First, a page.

And sometimes the rat poison you’re being served as a sacrament is actually just rat poison.

The bridges you burn may light your way. Or they might strand you on a burning island full of vampires.

I think once we’ve decided that making people comfortable or uncomfortable is the point of our activism, once we’ve decided how other people are supposed to feel and that our moral prerogative is to make them, we’ve already lost our way.

August 12, 2017

Equality doesn’t feel like oppression.

Posted in Uncategorized tagged , , at 7:31 pm by chavisory

There’s an expression that has become hugely accepted in lefty activist communities that goes

“When you’re accustomed to privilege, equality feels like oppression.”

I wish we would retire it.  It’s always given me the heebie-jeebies and I had trouble verbalizing why for a long time. I’ve had parts of this post half-written for a while, but a cornerstone of my problem with it fell into place, unfortunately, this morning.


In the first place, I have never ever seen a good explanation of why it should be true.

I don’t feel safer or more secure at seeing fellow Americans abused and reasonlessly killed by police, or without safe water, or systematically denied educational opportunities, or having their voting rights suppressed, or disabled students of color funneled into prison.

Why should I?

Why should I feel oppressed at seeing fellow citizens treated fairly and equitably? Why? Why should I? Why should I feel oppressed at seeing people with different backgrounds than me well-represented in media? Or having a truly fair shot in the job market or decent housing or not having their children lead-poisoned by their drinking water?

There’s a presumption that achieving that would require taking anything from me that I consider worth having. And I don’t accept that as true.

Maybe you mistake what I value.

Nothing made me more furious when I was a kid than seeing other people treated unfairly and not being able to do anything about it. Nothing. I hated being treated that way and I hated seeing other people treated that way.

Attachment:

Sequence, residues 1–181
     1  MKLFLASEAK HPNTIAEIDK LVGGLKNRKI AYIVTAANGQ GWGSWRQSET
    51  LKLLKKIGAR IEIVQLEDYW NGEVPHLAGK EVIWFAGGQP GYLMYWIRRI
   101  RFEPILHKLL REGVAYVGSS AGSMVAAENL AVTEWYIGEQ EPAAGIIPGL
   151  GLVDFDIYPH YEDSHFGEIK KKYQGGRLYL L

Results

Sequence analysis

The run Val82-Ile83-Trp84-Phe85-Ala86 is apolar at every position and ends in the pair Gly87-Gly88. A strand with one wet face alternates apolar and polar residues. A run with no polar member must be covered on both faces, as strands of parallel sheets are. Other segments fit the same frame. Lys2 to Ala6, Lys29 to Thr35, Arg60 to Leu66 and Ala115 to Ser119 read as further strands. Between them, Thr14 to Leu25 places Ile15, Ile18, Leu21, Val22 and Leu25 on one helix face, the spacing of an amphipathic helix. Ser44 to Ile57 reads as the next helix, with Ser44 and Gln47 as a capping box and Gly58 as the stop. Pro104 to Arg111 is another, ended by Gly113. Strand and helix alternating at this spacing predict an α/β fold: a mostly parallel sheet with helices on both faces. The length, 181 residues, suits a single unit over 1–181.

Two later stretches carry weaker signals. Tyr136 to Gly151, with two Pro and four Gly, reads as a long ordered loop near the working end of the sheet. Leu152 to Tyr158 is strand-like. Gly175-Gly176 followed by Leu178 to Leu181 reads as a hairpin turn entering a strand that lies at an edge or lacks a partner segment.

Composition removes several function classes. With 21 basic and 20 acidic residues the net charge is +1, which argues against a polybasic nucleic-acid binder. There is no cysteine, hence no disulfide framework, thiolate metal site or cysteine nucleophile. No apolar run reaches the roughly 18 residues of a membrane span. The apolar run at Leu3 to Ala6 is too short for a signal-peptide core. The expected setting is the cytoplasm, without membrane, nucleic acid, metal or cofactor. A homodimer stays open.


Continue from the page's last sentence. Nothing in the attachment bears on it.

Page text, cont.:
I don’t understand why I would look at it now and go “That’s fine.”

What’s true is that the sheer scale and pervasiveness of it has often been invisible to me for much of my own life.

Learning to see it doesn’t make me more okay with it. It makes me sad and rageful and overwhelmed at my own helplessness to just make it stop.


Furthermore, I do not trust people who tell me that they know better than me what I think, how I will feel, or how I should feel.

People who are sure that they know better than I do what is going on in my head or in my experience of myself, that they have greater authority than me to tell me what that is, who won’t take no for an answer about it, have not been safe or trustworthy people.

I have very few actual triggers, and that is one of them. It has almost always been a prelude to escalating manipulation or a ploy to gain my compliance or an attempt to undermine my trust in my own intuition or agency.

It makes me suspect that what you’re actually setting up is a justification for making me feel oppressed or mistreated as an objective in itself, telling yourself that what you’re doing is necessary and okay, and that whatever anger or unpleasantness I feel will just be a natural consequence of “loss of privilege,” and not a reaction to anything you do.

When I see other people being mistreated and then get told “well this is a system that benefits you so you must agree with it,” I recognize that tactic, itself, as abusive and manipulative.

No, no I don’t have to agree with it.


This morning, as I was reading the coverage of the white nationalist rally in Charlottesville last night, I encountered this brilliant Twitter thread about how these straight, white, so-called Christian dudes brandishing tiki torches have not the slightest conception of what oppression really means.

And someone contributed that quote to the comments.

And it hit me.

It’s so coddling. I want them held more responsible than that, than just to say “oh this is just what it feels like to recognize your own loss of privilege.” You know what? People have more ability to question their own reflexive reactions than that. These are not toddlers with no ability to take perspective or adjust their sense of proportion.

“When you’re accustomed to privilege, equality feels like oppression.”

No, it doesn’t.

No, these Nazi dingbats have no idea what oppression is like.

They have no idea what they are talking about. I will not validate their cluelessness and their false history and their rage at not being the only people who matter in the world like this.

I don’t think we should make their behavior understandable in this way. Plenty of other privileged white guys figure out how to come to terms with their loss of automatic dominance in the world without throwing Nazi rallies. I don’t think we should entrench the notion that this as just what it feels like when you see people who aren’t like you making marginal advances towards true equality.

Especially when these people have been explicitly encouraged with particular rhetoric to fear and resent and even take up arms against certain other groups of people, I think we should really hesitate to call their response just the natural emotional reaction to loss of privilege. I don’t want to give any cover to the idea that this is just what happens when people have to reexamine their place in the social order a little bit.

They made choices here.